WASHINGTON — It’s a good thing Richard Nixon was such a klutz.
The president’s ineptness at all things mechanical is what prompted his aides to install a voice-activated recording system that didn’t require Nixon to push an on-off button, ensuring that every word he spoke in the Oval Office and other key locations was caught on tape.
With the secret taping system on autopilot — seven microphones planted in wall sconces and the president’s desk — Nixon largely forgot about it, and let loose with the raw, gossipy, conniving and too-clever words that ultimately toppled his presidency and forever changed the way Americans think about their presidents and their government.
The tapes — the last installment of them released Wednesday — are like the black box in an increasingly out-of-control airplane, recording right up to the crash.
In the tapes, Americans began to see their presidents as “less glorious, less heroic, less romantic — either more like us, or more like people we don’t like,” says presidential historian Julian Zelizer of Princeton University.
For more than three decades, the secrets of the tapes have trickled out, Nixon’s conspiratorial voice cutting through the clinking coffee cups, the sirens in the distance and the thumps when he plopped his feet on the desk, so much more vivid and revealing than any memo recounting selective details of a presidential meeting.
Perhaps the most famous snippet: the “smoking gun” conversation recorded six days after the Watergate break-in of June 17, 1972, in which Nixon instructs chief of staff H.R. Haldeman to tell the FBI, “Don’t go any further into this case, period.”
Without the tapes, the Watergate investigation could well have dried up. Instead, the tapes’ expletive-deleted revelations riveted the nation and brought down a president. And even as Watergate slips further in the rearview mirror, a legacy of distrust and cynicism endures, passed from one generation to the next in dinner-table conversation and digital clips on YouTube.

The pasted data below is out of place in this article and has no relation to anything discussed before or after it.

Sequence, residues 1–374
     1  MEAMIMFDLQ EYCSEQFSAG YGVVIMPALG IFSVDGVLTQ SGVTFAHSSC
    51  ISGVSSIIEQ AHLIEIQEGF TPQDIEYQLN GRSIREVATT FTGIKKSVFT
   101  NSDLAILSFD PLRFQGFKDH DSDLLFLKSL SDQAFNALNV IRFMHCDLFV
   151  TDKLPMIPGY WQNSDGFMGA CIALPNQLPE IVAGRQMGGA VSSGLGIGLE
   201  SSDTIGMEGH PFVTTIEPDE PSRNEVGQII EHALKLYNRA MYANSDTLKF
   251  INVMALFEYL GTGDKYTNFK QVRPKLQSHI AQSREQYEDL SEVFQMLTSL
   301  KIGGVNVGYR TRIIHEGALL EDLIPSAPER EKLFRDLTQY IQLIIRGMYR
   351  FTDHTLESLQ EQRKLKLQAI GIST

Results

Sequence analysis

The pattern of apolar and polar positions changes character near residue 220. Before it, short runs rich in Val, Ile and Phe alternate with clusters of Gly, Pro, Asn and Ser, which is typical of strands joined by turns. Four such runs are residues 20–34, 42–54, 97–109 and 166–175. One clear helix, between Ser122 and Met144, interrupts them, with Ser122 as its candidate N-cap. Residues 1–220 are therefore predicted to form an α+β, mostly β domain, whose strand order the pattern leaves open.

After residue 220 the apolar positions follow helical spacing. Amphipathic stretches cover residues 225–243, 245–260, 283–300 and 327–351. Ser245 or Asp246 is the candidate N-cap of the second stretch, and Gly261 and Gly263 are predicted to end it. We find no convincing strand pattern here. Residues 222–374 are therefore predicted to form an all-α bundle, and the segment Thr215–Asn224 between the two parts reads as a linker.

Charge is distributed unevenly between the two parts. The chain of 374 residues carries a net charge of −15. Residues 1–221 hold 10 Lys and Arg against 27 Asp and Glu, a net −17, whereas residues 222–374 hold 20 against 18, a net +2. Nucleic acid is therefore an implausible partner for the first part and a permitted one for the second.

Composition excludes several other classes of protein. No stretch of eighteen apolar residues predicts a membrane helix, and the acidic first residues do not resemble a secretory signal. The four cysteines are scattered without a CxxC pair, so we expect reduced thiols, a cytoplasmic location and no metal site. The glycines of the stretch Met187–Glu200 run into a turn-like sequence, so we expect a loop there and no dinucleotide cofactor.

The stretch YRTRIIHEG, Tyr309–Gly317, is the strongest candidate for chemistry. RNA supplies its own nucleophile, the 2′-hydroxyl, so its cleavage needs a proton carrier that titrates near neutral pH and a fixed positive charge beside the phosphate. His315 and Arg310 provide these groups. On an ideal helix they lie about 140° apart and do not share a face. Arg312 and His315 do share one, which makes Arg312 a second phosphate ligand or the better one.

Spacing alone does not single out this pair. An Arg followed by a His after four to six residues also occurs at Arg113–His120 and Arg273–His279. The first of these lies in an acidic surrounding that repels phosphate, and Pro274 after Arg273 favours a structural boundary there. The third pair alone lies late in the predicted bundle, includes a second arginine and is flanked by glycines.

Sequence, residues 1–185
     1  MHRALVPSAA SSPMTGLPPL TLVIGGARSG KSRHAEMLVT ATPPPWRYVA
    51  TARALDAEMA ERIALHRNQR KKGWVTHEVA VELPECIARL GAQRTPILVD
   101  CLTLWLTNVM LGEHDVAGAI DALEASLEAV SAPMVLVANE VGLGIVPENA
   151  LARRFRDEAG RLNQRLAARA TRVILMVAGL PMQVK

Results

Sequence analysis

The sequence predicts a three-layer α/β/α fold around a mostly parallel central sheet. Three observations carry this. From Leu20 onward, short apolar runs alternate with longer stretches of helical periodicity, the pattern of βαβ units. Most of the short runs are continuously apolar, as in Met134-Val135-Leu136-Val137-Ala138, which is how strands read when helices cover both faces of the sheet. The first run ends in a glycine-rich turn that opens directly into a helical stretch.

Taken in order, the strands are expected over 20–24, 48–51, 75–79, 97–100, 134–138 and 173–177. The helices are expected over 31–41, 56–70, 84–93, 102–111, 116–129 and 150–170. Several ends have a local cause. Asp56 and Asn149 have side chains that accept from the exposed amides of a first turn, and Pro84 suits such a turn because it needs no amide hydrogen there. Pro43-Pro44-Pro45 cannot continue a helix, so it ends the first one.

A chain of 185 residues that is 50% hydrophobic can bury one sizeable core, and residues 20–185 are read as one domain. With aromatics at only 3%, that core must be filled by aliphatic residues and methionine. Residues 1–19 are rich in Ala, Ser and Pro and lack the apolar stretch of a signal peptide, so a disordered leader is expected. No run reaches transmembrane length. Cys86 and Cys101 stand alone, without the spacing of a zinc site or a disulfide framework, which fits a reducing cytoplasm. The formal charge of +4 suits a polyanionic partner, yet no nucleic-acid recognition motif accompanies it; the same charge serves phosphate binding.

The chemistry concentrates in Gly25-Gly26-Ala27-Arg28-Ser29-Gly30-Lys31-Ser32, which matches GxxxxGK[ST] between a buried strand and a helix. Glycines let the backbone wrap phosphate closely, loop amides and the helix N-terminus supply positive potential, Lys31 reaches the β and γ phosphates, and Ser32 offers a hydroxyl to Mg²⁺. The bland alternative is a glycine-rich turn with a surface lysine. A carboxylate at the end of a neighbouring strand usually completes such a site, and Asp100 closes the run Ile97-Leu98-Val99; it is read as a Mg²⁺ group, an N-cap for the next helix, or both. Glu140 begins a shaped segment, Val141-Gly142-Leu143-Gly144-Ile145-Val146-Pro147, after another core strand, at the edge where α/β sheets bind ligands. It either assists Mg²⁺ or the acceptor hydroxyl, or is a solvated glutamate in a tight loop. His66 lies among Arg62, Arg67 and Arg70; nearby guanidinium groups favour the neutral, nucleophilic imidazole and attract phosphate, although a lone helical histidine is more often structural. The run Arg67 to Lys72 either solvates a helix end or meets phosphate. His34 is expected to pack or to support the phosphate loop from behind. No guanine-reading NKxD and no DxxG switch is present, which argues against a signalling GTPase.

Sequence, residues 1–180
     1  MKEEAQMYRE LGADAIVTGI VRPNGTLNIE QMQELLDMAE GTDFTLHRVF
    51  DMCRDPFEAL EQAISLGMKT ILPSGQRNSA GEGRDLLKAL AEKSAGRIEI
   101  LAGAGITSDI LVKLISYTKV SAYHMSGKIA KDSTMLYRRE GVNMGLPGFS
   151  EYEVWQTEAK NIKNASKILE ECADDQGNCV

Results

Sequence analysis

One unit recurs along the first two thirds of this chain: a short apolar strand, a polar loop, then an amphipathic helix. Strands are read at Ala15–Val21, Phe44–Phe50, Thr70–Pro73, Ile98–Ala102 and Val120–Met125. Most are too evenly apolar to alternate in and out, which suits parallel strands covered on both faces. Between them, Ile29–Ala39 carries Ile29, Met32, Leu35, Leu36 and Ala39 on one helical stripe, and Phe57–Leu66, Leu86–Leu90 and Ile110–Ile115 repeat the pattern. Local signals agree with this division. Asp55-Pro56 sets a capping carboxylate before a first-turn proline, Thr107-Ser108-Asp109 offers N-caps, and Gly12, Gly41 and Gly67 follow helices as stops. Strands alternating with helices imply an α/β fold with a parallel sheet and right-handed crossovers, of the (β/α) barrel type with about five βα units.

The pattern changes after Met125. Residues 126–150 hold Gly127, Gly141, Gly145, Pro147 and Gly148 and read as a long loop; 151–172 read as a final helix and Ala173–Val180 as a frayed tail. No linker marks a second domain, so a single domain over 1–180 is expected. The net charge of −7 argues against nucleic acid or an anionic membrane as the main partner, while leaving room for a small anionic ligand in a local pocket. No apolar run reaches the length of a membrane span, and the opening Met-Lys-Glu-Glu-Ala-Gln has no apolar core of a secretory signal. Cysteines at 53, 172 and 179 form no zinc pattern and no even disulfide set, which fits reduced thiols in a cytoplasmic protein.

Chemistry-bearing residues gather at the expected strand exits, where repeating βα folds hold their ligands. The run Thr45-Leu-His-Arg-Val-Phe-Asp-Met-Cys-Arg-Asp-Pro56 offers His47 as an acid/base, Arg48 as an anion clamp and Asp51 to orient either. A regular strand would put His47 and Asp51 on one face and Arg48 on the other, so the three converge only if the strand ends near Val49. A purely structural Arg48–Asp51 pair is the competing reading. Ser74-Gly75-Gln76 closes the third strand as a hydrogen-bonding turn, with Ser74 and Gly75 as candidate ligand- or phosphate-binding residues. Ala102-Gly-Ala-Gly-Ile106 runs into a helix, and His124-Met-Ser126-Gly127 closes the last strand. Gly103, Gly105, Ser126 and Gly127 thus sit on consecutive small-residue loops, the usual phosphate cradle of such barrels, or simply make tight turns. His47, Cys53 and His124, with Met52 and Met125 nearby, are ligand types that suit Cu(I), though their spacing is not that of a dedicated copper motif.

That’s not all bad, scholars argue. People watch more closely, demand more accountability.
“We should be skeptical about our governments,” says historian Ken Hughes of the University of Virginia’s Miller Center presidential recordings program. “We should demand that our government prove itself to us.”
The last 340 hours of more than 3,700 hours of Nixon tapes came from the Nixon Presidential Library and Museum in Yorba Linda, Calif., covering April 9, 1973, to July 12, 1973 — the day before the secret taping system was revealed.
Little more than a year later, done in by the revelations on the tapes, Nixon resigned on Aug. 9, 1974. It took four decades, though, for the public to gain access to the last of the tapes.
“It’s over, and I won,” says historian Stanley Kutler, whose 1992 lawsuit helped lead to the tapes’ release. “All the tapes are out, and it’s there for every historian, every generation to judge. … Never until Nixon have we been so able to get into the mind of a president.”
The Nixon tapes’ final installment, still being scoured for revelations, already offers new details from inside the White House.
On April 30, 1973, Nixon takes calls from two future presidents — Ronald Reagan and George H.W. Bush — who offer private support after his first major national address about Watergate. Nixon complains about the reaction from TV pundits, telling Bush, “To hell with the commentators.”
The tapes cover far more than Watergate, of course, and Wednesday’s release includes audio of Nixon and Soviet leader Leonid Brezhnev chatting one-on-one in the Oval Office before their June 1973 summit, with only an interpreter present.
The conversation reveals remarkable camaraderie, as the two men chat about their families, Brezhnev talking about his grandson’s attempts to pass college entrance exams.
“These are Cold War archenemies who are talking like old friends,” says Luke Nichter of Texas A&M University-Central Texas in Killeen, who runs a website cataloging Nixon’s secret recordings. “This is very unusual.”